The own-initiative opinion, prepared by the EESC Permanent Study Group on Sustainable Food Systems, will aim to identify existing challenges, policy inconsistencies and obstacles to a more coherent food policy approach at EU level; to provide examples of ongoing transitions to more sustainable food policies at local/regional/national level; to highlight the role of civil society in building partnerships among stakeholders across the food supply chain; and to define how a comprehensive food policy for the EU should look, including an indicative roadmap.
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The Commission recently published a Communication on a Renewed Partnership with the ACP Group of countries. ACP-EU relations are currently governed by the Cotonou Partnership Agreement that will expire in 2020, therefore the Commission has published recommendations on what the future structure should be. Last year the EESC already drafted a general opinion on the post-Cotonou framework; this new opinion will have to answer specifically to the Commission's communication.
The EESC Permanent Study Group on Sustainable Food Systems aims to contribute to the development of a comprehensive food policy in the EU. This leaflet presents its main priorities and ongoing work.
The Exploratory opinion on "More sustainable food systems" (Rapporteur: Mindaugas Maciulevičius), requested by the Netherlands presidency of the EU, was adopted by the EESC at its plenary session on 26 May 2016. The opinion calls for the development of a comprehensive food policy in the EU and for an ...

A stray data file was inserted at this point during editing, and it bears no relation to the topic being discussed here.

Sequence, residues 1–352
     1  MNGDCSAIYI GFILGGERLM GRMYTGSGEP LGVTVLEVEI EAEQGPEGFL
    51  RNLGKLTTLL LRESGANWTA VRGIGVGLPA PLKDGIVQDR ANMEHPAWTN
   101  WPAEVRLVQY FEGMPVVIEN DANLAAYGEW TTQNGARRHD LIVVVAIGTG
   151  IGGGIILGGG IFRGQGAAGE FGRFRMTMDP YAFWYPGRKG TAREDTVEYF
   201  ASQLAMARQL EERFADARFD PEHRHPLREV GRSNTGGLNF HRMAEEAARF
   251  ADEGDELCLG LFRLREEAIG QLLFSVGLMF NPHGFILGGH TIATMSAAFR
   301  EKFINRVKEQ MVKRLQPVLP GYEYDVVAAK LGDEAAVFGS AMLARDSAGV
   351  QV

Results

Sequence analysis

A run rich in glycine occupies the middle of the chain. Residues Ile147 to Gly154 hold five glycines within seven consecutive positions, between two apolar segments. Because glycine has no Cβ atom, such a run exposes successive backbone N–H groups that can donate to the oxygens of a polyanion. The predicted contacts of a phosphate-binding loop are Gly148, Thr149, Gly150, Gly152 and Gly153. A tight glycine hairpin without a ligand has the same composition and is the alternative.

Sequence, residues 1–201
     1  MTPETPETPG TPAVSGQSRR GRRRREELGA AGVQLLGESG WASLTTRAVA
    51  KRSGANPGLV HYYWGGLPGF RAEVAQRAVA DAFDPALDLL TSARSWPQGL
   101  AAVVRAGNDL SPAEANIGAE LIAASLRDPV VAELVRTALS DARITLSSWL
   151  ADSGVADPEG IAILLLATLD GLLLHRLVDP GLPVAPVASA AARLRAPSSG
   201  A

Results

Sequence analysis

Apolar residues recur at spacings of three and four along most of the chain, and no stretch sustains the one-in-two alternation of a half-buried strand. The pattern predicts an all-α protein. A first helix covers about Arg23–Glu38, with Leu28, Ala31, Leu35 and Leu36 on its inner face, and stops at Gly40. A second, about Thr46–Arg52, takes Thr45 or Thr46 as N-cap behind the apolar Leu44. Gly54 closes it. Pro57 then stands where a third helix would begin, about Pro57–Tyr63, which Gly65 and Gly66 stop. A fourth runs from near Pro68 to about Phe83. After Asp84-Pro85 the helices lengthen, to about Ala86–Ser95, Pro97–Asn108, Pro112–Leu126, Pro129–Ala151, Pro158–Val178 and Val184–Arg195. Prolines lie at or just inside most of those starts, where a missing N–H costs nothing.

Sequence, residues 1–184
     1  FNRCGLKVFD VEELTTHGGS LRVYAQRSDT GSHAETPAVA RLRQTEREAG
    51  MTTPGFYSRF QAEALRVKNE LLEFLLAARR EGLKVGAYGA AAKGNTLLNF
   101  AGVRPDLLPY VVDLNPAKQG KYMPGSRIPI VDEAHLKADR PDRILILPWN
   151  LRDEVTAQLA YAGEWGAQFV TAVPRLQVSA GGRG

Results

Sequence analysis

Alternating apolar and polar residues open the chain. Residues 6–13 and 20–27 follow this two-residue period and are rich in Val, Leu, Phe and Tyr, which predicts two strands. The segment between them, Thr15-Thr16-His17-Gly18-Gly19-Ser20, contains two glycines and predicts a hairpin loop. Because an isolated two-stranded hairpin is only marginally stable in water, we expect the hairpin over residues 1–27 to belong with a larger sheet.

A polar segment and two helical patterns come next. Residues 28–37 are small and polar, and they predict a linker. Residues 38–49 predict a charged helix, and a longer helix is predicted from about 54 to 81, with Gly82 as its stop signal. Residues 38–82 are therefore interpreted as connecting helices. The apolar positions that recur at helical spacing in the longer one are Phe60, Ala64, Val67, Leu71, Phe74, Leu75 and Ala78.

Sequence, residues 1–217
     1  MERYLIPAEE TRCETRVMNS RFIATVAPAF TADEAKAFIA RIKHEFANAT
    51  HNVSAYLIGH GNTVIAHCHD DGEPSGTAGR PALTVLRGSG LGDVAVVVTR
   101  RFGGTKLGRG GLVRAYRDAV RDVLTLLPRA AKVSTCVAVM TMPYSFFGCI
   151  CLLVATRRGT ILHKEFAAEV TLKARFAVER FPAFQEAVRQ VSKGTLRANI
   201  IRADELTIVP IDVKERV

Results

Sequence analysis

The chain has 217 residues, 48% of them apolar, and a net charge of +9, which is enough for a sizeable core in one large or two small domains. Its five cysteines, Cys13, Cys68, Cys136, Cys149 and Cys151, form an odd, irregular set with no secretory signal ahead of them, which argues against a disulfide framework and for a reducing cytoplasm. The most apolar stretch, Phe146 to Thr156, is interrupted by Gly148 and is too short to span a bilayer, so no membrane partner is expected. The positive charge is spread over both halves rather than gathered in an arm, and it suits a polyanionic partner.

The agro-food supply chain connects important and diverse sectors of the European economy that are essential for economic, social and environmental welfare as well as for the health of European citizens. Over recent years, there has been a shift in bargaining power in the supply chain, mostly to the advantage of the retail sector and to the detriment of primary producers.
From agricultural to food policy – Towards healthy and sustainable production and consumption - 21 April 2016, The Hague
Farmers, consumers, academics and policy-maker were among the wide range of participants at a Group III 'Various Interests" European Economic and Social Committee event in the Netherlands to examine the future of food production and consumption.
Over recent years, there has been a shift in bargaining power in the food supply chain, mostly to the advantage of the retail sector and some transnational companies and to the detriment of suppliers, in particular primary producers. The concentration of bargaining power has led to the abuse of positions of dominance causing weaker operators to become increasingly vulnerable to Unfair Trading Practices (UTPs).
The EESC has received a request from the incoming Dutch EU Presidency for an exploratory opinion on how to achieve more sustainable food systems in a resource-constrained world. In the past few years, civil society has been increasingly concerned about the environmental, economic and social impact of unsustainable food chains. Globally, about one-third of food produced for human consumption is lost or wasted. Food is also one of the most important drivers of environmental pressures.
Presque 90 millions de tonnes de nourriture sont gaspillées chaque année en Europe et près d'un tiers de la nourriture produite pour la consommation humaine est perdue ou gaspillée à l'échelle mondiale...